• Objective To assess the value of second-look resection (SLR) in stage T1 bladder cancer (BCa) with respect to progression-free survival (PFS), and also the secondary outcomes recurrence-free survival (RFS), bladder-cancer-specific survival (CSS), and cystectomy-free survival (CFS). Patients and methods The study included 2456 patients diagnosed with stage T1 BCa 2004-2009 with 5-yr follow-up registration in the nationwide Bladder Cancer Data Base Sweden (BladderBaSe). PFS, RFS, CSS, and CFS were evaluated in stage T1 BCa patients with or without routine SLR, using univariate and multivariable Cox regression with adjustment for multiple confounders (age, gender, tumour grade, intravesical treatment, hospital volume, comorbidity, and educational level). Results SLR was performed in 642 (26%) individuals, and more frequently on patients who were aged < 75 yr, had grade 3 tumours, and had less comorbidity. There was no association between SLR and PFS (hazard ratio [HR] 1.1, confidence interval [CI] 0.85-1.3), RFS (HR 1.0, CI 0.90-1.2), CFS (HR 1.2, CI 0.95-1.5) or CSS (HR 1.1, CI 0.89-1.4). Conclusions We found similar survival outcomes in patients with and patients without SLR, but our study is likely affected by selection mechanisms. A randomised study defining the role of SLR in stage T1 BCa would be highly relevant to guide current praxis.
  • Liedberg, F., et al. (författare)
  • Period-specific mean annual hospital volume of radical cystectomy is associated with outcome and perioperative quality of care: a nationwide population-based study
  • 2019
  • Ingår i: Bju International. - : WILEY. - 1464-4096 .- 1464-410X. ; 124:3, s. 449-456
  • Tidskriftsartikel (refereegranskat)abstract
    • Objective To investigate the association between hospital volume and overall survival (OS), cancer-specific survival (CSS), and quality of care of patients with bladder cancer who undergo radical cystectomy (RC), defined as the use of extended lymphadenectomy (eLND), continent reconstruction, neoadjuvant chemotherapy (NAC), and treatment delay of We used the Bladder Cancer Data Base Sweden (BladderBaSe) to study survival and indicators of perioperative quality of care in all 3172 patients who underwent RC for primary invasive bladder cancer stage T1-T3 in Sweden between 1997 and 2014. The period-specific mean annual hospital volume (PSMAV) during the 3 years preceding surgery was applied as an exposure and analysed using univariate and multivariate mixed models, adjusting for tumour and nodal stage, age, gender, comorbidity, educational level, and NAC. PSMAV was either categorised in tertiles, dichotomised (at >= 25 RCs annually), or used as a continuous variable for every increase of 10 RCs annually. Results PSMAV in the highest tertile (>= 25 RCs annually) was associated with improved OS (hazard ratio [HR] 0.87, 95% confidence interval [CI] 0.75-1.0), whereas the corresponding HR for CSS was 0.87 (95% CI 0.73-1.04). With PSMAV as a continuous variable, OS was improved for every increase of 10 RCs annually (HR 0.95, 95% CI 0.90-0.99). Moreover, higher PSMAV was associated with increased use of eLND, continent reconstruction and NAC, but also more frequently with a treatment delay of >3 months after diagnosis. Conclusions The current study supports centralisation of RC for bladder cancer, but also underpins the need for monitoring treatment delays associated with referral.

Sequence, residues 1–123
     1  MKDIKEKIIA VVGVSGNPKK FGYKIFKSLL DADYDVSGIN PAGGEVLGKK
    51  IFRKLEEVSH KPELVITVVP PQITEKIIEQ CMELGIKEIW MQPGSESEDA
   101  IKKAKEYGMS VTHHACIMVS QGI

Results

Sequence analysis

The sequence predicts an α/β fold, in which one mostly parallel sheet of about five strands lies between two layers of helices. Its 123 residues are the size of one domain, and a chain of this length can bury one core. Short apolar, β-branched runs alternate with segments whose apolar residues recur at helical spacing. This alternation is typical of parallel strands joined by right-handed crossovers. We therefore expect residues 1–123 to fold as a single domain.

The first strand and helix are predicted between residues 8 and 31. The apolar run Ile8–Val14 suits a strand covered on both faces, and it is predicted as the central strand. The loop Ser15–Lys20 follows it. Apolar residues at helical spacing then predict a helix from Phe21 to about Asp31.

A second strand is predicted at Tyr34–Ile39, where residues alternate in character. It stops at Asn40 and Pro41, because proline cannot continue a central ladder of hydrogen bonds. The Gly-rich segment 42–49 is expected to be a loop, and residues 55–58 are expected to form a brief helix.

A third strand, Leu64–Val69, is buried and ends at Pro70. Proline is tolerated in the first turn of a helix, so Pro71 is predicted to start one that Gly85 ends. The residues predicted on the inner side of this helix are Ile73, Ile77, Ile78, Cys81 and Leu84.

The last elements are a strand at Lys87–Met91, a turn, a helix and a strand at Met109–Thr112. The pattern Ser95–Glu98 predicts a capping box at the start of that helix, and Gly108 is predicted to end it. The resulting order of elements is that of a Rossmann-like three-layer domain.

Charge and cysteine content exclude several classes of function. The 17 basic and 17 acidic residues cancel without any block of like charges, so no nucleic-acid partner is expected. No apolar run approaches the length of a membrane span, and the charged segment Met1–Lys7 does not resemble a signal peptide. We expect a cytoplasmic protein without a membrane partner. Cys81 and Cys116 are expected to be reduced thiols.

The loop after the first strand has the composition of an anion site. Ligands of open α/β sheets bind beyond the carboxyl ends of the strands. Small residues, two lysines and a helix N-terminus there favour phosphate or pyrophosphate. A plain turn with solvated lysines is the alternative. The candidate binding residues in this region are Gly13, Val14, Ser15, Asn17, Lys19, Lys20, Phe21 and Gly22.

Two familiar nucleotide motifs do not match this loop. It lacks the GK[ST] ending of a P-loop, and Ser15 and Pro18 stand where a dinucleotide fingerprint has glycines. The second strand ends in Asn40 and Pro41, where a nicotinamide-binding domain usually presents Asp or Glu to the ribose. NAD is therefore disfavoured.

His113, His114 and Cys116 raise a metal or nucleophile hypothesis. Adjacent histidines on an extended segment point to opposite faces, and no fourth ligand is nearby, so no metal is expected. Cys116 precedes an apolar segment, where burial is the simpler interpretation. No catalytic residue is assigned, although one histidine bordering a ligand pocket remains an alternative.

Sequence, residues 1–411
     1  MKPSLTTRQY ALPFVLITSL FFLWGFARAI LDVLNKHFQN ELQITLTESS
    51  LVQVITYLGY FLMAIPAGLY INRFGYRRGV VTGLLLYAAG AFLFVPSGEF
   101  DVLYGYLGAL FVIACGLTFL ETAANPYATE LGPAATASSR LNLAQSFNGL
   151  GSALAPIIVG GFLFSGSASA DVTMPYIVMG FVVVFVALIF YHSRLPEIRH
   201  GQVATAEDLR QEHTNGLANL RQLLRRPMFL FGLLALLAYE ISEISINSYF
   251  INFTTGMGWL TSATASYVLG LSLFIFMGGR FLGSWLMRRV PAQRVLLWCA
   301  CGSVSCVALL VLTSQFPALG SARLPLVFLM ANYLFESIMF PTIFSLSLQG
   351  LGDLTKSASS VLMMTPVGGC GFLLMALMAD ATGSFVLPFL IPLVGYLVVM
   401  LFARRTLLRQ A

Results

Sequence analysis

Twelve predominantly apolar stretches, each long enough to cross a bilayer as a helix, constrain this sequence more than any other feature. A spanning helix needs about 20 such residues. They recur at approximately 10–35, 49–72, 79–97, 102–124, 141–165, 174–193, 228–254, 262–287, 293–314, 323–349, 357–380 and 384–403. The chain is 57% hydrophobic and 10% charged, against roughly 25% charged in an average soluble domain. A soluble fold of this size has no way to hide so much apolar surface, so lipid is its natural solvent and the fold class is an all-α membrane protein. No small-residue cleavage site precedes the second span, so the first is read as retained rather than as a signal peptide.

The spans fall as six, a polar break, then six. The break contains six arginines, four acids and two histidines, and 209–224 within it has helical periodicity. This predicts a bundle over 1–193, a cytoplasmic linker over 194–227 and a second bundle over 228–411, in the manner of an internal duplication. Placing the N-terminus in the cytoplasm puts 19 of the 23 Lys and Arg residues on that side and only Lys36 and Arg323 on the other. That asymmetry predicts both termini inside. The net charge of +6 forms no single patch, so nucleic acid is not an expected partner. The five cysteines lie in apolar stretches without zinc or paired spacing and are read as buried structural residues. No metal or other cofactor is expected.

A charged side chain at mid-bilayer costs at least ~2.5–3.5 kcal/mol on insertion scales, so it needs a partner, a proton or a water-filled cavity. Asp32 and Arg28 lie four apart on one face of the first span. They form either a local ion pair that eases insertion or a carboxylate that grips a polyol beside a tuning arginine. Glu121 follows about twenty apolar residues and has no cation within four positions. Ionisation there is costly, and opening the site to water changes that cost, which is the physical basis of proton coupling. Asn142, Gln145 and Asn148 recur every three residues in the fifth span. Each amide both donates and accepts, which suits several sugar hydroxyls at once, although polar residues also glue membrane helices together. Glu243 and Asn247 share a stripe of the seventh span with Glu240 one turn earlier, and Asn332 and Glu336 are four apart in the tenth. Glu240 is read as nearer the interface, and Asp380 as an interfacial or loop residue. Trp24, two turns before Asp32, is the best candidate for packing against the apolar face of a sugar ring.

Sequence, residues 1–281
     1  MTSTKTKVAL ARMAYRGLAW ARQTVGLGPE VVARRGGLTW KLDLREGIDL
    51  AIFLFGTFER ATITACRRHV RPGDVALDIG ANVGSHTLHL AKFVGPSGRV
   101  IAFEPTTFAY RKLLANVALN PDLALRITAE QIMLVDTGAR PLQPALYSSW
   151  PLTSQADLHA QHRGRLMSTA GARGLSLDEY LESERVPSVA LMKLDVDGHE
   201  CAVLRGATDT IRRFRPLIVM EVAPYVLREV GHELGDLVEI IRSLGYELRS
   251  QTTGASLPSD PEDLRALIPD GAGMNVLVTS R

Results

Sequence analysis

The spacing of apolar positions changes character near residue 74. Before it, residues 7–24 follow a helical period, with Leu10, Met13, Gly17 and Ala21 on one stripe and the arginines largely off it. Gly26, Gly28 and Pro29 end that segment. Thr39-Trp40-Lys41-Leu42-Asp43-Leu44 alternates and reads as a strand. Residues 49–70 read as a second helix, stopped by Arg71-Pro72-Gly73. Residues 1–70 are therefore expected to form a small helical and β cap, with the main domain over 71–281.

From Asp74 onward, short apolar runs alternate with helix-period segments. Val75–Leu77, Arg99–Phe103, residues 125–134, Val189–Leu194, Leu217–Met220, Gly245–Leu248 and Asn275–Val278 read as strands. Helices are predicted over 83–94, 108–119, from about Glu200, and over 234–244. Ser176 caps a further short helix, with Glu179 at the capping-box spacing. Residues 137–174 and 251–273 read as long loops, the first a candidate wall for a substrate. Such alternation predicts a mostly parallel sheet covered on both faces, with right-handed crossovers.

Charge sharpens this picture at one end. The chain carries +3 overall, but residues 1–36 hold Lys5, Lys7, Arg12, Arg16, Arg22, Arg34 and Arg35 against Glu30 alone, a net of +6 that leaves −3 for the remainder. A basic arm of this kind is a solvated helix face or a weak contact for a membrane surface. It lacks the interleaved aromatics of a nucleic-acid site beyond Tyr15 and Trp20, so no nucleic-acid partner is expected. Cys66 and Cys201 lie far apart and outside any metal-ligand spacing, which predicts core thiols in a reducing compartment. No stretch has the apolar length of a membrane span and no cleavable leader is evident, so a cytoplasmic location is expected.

• Häggström, Christel, et al. (författare)
  • Cohort profile : The Swedish National Register of Urinary Bladder Cancer (SNRUBC) and the Bladder Cancer Data Base Sweden (BladderBaSe)
  • 2017
  • Ingår i: BMJ Open. - London : BMJ Publishing Group Ltd. - 2044-6055 .- 2044-6055. ; 7:9
  • Tidskriftsartikel (refereegranskat)abstract
    • PURPOSE: To monitor the quality of bladder cancer care, the Swedish National Register of Urinary Bladder Cancer (SNRUBC) was initiated in 1997. During 2015, in order to study trends in incidence, effects of treatment and survival of men and women with bladder cancer, we linked the SNRUBC to other national healthcare and demographic registers and constructed the Bladder Cancer Data Base Sweden (BladderBaSe).PARTICIPANTS: The SNRUBC is a nationwide register with detailed information on 97% of bladder cancer cases in Sweden as compared with the Swedish Cancer Register. Participants in the SNRUBC have registered data on tumour characteristics at diagnosis, and for 98% of these treatment data have been captured. From 2009, the SNRUBC holds data on 88% of eligible participants for follow-up 5 years after diagnosis of non-muscle invasive bladder cancer, and from 2011, data on surgery details and complications for 85% of participants treated with radical cystectomy. The BladderBaSe includes all data in the SNRUBC from 1997 to 2014, and additional covariates and follow-up data from linked national register sources on comorbidity, socioeconomic factors, detailed information on readmissions and treatment side effects, and causes of death.FINDINGS TO DATE: Studies based on data in the SNRUBC have shown inequalities in survival and treatment indication by gender, regions and hospital volume. The BladderBaSe includes 38 658 participants registered in SNRUBC with bladder cancer diagnosed from 1 January 1997 to 31 December 2014. The BladderBaSe initiators are currently in collaboration with researchers from the SNRUBC investigating different aspects of bladder cancer survival.FUTURE PLANS: The SNRUBC and the BladderBaSe project are open for collaborations with national and international research teams. Collaborators can submit proposals for studies and study files can be uploaded to servers for remote access and analysis. For more information, please contact the corresponding author.